Wait, did you just say that MATCH came in fifth in math? Oh, oh wait, I'm sorry, you said fourth. And was that for the city? Oh, really? For the state? I see. Funny it worked out that way, since the kids didn't get to do any projects. I mean, I think they actually learned math instead of building rowboats out of popsicle sticks to illustrate what numbers really are. No one thought they had a chance.

I'm sorry. Sometimes I just can't keep all the sassiness inside. Anyway, I was going to talk about the class that is my savior, the perfect contrast. It's what our department calls a "content course," which is amusing, since it implies that the other courses have no content. It's a world history survey class up to 1500, designed for the New York state mandate for two years of world history education in 9th and 10th grade. Apparently most new social studies teachers get hired for world history teaching posts because the older social studies teachers don't know anything about world history. It's quite a lot of content knowledge, but the idea it all sort of molds is that human societies throughout thousands of years have been so incredibly similar that it's weird. You find all kinds of cool parallels between civilizations and societies that were completely isolated from one another.

My professor is a real history professor from the real university I attend. He specializes in modern Islam and European colonialism in the Middle East. He wears bow-ties, tells us we're wrong, criticizes us when we stay stupid things, and generally emits an air of effortless superiority. It's absolutely awesome. Finally, someone who values knowledge, who doesn't believe it's just a useless jumble of unrelated baubles. He's brilliant, and it's obvious that he's brilliant because he knows so much. It's not that he's used "transfer skills" from critical thinking projects he did as a kid. No. He studied for god knows how long in libraries across America, the Middle East, and Europe. He learned other languages and lived in other cultures, and he just knows his shit. Today he gave a narrative of the last few years in American life that was brief but so incisive I felt I would tear up. I hate that my school doesn't think this type of intellectualism is worth anything. The guy in my class who was so pro-constructivism, he said "our schools produce kids who are good at school." First off, most of them don't. Second, what is wrong with that? This professor could be doing a million billion different things if he weren't teaching. In fact, he consults with law enforcement about the increasingly radicalized cultures of the Islamic diaspora! Contrast the utility of that with whatever it is you learn when you make a model space station out of plastic pipes and rubber tubing and you'll see what I mean.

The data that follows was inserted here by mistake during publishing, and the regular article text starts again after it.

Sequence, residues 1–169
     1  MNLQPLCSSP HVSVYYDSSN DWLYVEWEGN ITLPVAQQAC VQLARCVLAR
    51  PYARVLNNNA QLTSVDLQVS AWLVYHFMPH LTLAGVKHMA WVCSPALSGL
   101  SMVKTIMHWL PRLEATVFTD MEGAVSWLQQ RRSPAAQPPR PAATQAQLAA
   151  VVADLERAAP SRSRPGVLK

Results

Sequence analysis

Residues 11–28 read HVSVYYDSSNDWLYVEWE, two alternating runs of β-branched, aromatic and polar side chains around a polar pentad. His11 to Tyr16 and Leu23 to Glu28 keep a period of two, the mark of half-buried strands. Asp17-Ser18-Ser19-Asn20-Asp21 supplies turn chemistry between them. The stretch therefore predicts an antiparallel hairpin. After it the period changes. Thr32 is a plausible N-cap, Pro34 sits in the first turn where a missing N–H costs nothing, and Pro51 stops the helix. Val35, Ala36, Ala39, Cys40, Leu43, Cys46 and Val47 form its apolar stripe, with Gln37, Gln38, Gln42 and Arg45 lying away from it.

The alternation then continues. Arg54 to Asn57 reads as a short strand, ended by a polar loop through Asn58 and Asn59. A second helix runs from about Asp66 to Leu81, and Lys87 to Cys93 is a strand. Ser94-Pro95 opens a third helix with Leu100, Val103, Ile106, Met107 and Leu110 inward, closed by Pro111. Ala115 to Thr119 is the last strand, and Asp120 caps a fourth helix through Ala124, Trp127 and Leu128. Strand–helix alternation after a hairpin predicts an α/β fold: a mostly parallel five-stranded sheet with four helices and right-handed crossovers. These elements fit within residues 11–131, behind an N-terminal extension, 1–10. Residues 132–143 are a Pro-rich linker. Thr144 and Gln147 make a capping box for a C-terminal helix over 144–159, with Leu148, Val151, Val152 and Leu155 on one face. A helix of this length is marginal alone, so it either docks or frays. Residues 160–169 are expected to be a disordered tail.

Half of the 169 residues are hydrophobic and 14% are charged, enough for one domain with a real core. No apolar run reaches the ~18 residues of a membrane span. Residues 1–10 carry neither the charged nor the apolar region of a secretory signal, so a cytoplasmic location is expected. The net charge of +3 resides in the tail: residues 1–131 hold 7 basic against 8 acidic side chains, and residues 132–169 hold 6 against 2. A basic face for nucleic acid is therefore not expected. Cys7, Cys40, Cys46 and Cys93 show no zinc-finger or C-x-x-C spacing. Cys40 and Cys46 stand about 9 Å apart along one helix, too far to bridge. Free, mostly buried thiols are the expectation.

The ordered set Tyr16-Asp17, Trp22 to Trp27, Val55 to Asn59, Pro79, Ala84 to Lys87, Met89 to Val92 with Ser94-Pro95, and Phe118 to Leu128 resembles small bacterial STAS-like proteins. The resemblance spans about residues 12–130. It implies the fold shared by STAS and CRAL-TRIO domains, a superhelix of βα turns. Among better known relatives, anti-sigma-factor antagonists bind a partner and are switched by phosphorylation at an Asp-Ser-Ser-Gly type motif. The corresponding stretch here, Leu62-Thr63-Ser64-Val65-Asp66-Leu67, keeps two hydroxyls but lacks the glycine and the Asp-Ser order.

Well, it's bedtime for me. Last night I dreamt my apartment was filled with pink, newborn mice that looked like maggots. They were everywhere. My roommate and I kept stepping on them. It was all because we left so many dirty dishes in the sink. I think they're still there, unless she washed them.

Welcome to school

posted by newoldschoolteacher @ 7:14 PM 0 comments

Tuesday, September 27, 2005

So I am at a graduate school of education, home of teaching people how to give urban kids a crappy education. I am currently using all my powers to ward off the incessant doctrinal attacks on being oldschool. An argument I had with my instructor yesterday should serve as an excellent starting point.

The class is a "methods class" on teaching social studies. We were practicing writing a lesson plan, as a class. The lesson was about Hurricane Katrina and its effects on New Orleans. So we dutifully planned the lesson, and then came to the part about what homework we were going to assign. After deliberation, the class decided that, as homework, our high school students would have to design a Hurricane Survival Kit.

I meekly raised my hand and said, "well, this is a very creative lesson, but I think maybe it's a little too lite, especially the homework." My instructor replied, "well, actually, I think it's quite difficult. They have to use all this information from class and synthesize it and even maybe look up an evacuation plan for their city." Right. Here would be the Hurricane Survival Kit from most of the kids: , where the blank space represents how they didn't do the assignment because it was stupid.

I responded that, at my old school, god bless its hard heart, my ninth graders had 20 pages of reading a night for one class. And sometimes they didn't do it, but when they didn't, they failed quizzes. And eventually they would have to read it, or they would fail essays, tests, and the class. And failing a class meant summer school, or repeating the year. So a lot of them just did the damn reading. The rest of our conversation went like this: